Aside from mind-blowing crime thrillers, Korean cinema is also known for its sublime art house films. I had watched some of the best art house films and I had been searching for more. This had been on my list for so long because of its bold storyline that is rarely tackled in Korean cinema. Night Flight is a gay movie penned, directed, and edited by Lee-Song Hee-il, an openly gay himself. But there’s more to this than just boy love, it is filled with symbolism and social commentaries wrapped carefully with a taut screenplay.
Story and Screenplay
Night Flight is a story about three formerly tight-knit middle school friends. Shin Yong-joo (Kwak Si-yang), a closeted gay who valued academics over almost anything. Han Gi-woong (Lee Jae-joon), a leader of a school gang and had been paid to threaten other students. Go Gi-taek (Choi Joon-ha), a fat student who is obsessed with counting calories but binge-eating chocolates and had become the center of bullying. The title was taken from the name of the abandoned gay bar that was about to be demolished which served as a hang-out place for Yong-joo and his gay friend. This movie utilized a character-driven narrative wherein it showcased how the trio struggles to fit in the status quo. It is not focused on the romantic side of BL but the realistic elements of coming-of-age. The screenplay is provocative . It was penned to amplify the angst of the characters amidst the unforgiving environment of bullying, academic pressure, uncaring parents, cold teachers, gender inequality, and discrimination. The storytelling is realistic yet undeniably poetic. The tinted memories of the past that had made the friendship turn into betrayal were spelled out by the flashbacks thrown on the later parts of the film.
The cinematography is exquisite. DOP Yun Ji-woon was able to create delicate beauty in the cinematography. The golden sunset enveloping the horizon every time Shin Yong-joo is showing his true self evokes a deep feeling of loneliness. The gritty overpass, the tight shots, and the bleak light blended well with the dark tone of the movie. The backstories were presented using brightly lit flashbacks as most of them are happy moments. Wide panoramic shots during the day out of Yong-joo and Gi-woong were magical. However, the frames are dominated by subdued coloring and a soft palette making the movie poignant and heart-breaking. The songs are beautiful but melancholic, however, the street concert in the flashback gave a refreshing feeling to the audience. The dialogues were sharp and hard-hitting. How it explicitly states that nothing else matters except good grades and admission to university was deafening. The chant about the chicken that the teacher used to motivate the students is quite impactful. As for the direction, Lee-song presented sensitive social issues with utmost care through detailed storytelling. The pacing was perfect and was able to deliver a powerful climax. However, this movie is not without flaws. Though the three main characters had solid character development, I find the support roles to be cardboard characters. The friend of Yong-jo was not given any side-story as if he is just an imaginary friend. Another thing is the half-baked side story of Gi-woong and his dad. It just pops out of nowhere. The climax is a bit overblown for me too. Such violence I think is not necessary and seems unrealistic.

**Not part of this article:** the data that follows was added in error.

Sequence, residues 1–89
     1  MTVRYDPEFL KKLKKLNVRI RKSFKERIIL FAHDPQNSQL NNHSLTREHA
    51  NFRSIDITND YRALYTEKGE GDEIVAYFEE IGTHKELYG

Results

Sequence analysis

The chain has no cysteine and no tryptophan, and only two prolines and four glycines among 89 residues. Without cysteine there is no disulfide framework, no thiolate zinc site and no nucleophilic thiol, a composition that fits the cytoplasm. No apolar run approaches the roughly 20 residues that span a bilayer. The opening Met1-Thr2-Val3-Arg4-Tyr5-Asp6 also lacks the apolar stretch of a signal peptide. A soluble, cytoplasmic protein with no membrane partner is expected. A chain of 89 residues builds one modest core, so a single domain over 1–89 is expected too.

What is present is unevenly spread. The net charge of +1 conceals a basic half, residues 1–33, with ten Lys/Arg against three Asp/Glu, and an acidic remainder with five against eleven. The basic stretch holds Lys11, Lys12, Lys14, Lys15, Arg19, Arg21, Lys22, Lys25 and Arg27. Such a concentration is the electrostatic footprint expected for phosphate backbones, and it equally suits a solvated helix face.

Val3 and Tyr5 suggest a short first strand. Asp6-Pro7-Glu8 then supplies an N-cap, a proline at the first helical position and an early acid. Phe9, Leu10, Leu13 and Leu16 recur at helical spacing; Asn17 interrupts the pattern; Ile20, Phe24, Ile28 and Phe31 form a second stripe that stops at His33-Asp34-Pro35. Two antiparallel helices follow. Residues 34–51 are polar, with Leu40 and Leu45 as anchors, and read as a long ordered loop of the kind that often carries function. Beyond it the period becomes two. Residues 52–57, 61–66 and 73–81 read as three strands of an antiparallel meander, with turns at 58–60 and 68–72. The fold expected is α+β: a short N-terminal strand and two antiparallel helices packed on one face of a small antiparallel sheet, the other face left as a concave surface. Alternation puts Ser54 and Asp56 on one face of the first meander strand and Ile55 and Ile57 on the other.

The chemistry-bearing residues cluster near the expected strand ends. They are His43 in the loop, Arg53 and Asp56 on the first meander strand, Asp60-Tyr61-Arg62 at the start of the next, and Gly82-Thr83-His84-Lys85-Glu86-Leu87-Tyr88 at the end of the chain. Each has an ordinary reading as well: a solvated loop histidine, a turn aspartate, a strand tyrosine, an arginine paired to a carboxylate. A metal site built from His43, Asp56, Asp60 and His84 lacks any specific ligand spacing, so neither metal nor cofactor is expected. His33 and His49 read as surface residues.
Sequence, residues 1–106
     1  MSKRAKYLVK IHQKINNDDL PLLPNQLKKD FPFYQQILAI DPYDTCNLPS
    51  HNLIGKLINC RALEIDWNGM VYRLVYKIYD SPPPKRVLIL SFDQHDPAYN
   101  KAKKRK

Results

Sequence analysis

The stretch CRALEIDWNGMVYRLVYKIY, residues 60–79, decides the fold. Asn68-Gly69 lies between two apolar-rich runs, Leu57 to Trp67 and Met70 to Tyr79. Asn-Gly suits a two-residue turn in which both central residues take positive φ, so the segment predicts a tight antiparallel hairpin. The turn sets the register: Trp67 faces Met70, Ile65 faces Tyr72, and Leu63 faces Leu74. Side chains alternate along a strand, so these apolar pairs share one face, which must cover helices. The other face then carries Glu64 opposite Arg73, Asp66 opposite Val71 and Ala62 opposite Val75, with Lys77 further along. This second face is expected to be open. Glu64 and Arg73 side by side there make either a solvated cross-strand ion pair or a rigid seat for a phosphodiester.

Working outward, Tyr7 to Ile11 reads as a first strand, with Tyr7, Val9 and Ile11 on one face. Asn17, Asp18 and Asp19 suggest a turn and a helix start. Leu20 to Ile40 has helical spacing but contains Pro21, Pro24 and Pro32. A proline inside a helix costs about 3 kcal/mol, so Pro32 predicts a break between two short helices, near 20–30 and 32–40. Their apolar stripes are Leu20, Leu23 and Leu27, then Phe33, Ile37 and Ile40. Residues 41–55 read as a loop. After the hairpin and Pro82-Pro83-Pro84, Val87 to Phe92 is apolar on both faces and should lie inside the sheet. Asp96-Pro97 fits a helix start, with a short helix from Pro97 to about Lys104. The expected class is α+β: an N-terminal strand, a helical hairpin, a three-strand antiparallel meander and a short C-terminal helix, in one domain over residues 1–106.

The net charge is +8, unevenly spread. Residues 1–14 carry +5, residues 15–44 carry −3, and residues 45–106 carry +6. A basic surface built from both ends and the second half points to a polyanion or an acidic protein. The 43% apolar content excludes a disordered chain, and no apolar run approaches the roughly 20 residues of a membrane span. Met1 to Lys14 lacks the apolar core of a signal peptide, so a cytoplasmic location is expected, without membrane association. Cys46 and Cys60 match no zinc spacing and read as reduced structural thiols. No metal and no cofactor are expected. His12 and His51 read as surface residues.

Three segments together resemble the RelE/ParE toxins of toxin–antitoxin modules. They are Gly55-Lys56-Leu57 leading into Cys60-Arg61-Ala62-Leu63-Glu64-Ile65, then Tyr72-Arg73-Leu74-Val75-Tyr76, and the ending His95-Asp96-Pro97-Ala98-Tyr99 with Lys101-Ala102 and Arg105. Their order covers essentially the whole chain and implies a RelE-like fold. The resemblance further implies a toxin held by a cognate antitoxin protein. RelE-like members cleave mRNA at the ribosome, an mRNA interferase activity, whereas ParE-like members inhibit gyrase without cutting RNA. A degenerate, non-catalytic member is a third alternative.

The performances are commendable especially Kwak Si-wang. He surrendered fully to the multi-layered persona of Yong-joo. His honesty that leads to his exploitation, as well as his self-preservation, confusion, hatred, and admiration were all exhibited in his eyes and facial expression, body language, and dialogue delivery. Lee Jae-joon gave life to Gi-wong with honest and unforced performance while Choi Joon-ha delivered a raw and realistic characterization of Gi-taek’s avatar. The rest of the support roles did what is expected of their characters and had complimented well with the plot development.
Conclusion The movie is riveting throughout. It was able to deliver a powerful message about the horrid effect of bullying, violence, academic pressure, gender discrimination, and abandoned children. It encapsulated friendship, love, honesty, betrayal, self-identity, and redemption into a beautifully woven melodramatic tale of redemption. The movie is deeply affecting and able to deliver a gripping message enough to put the audience in deep contemplation.
Disclaimer: The above review solely illustrates the views of the writer.